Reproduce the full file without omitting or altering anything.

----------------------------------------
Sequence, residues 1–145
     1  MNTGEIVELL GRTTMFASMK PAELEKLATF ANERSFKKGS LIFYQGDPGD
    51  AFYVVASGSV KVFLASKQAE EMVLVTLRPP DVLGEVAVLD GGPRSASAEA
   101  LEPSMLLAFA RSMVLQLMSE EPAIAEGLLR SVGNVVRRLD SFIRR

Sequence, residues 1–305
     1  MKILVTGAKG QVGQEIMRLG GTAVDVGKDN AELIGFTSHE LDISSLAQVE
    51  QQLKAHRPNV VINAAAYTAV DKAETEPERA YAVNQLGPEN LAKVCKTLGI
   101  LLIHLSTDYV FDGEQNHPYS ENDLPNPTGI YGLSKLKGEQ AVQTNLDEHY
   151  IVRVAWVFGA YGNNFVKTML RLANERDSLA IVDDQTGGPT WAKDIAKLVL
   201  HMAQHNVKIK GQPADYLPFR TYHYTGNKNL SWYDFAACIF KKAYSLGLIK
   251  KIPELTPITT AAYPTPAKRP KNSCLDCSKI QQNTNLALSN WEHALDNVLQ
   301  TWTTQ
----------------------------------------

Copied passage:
Sequence, residues 1–145
     1  MNTGEIVELL GRTTMFASMK PAELEKLATF ANERSFKKGS LIFYQGDPGD
    51  AFYVVASGSV KVFLASKQAE EMVLVTLRPP DVLGEVAVLD GGPRSASAEA
   101  LEPSMLLAFA RSMVLQLMSE EPAIAEGLLR SVGNVVRRLD SFIRR

Sequence, residues 1–305
     1  MKILVTGAKG QVGQEIMRLG GTAVDVGKDN AELIGFTSHE LDISSLAQVE
    51  QQLKAHRPNV VINAAAYTAV DKAETEPERA YAVNQLGPEN LAKVCKTLGI
   101  LLIHLSTDYV FDGEQNHPYS ENDLPNPTGI YGLSKLKGEQ AVQTNLDEHY
   151  IVRVAWVFGA YGNNFVKTML RLANERDSLA IVDDQTGGPT WAKDIAKLVL
   201  HMAQHNVKIK GQPADYLPFR TYHYTGNKNL SWYDFAACIF KKAYSLGLIK
   251  KIPELTPITT AAYPTPAKRP KNSCLDCSKI QQNTNLALSN WEHALDNVLQ
   301  TWTTQ